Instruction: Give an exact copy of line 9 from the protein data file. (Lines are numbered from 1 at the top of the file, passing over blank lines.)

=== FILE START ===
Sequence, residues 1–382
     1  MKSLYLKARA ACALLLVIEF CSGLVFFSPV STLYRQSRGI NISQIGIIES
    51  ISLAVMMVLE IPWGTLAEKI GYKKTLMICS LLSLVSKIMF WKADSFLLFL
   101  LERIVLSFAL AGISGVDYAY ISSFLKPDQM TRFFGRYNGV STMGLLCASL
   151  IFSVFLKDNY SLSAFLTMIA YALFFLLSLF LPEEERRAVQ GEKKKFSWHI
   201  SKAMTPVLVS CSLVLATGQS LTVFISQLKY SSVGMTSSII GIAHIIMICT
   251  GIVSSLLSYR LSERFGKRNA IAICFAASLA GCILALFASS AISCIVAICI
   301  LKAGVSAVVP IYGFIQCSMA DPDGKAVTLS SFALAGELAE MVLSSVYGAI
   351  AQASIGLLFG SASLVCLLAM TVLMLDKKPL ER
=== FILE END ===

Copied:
   351  AQASIGLLFG SASLVCLLAM TVLMLDKKPL ER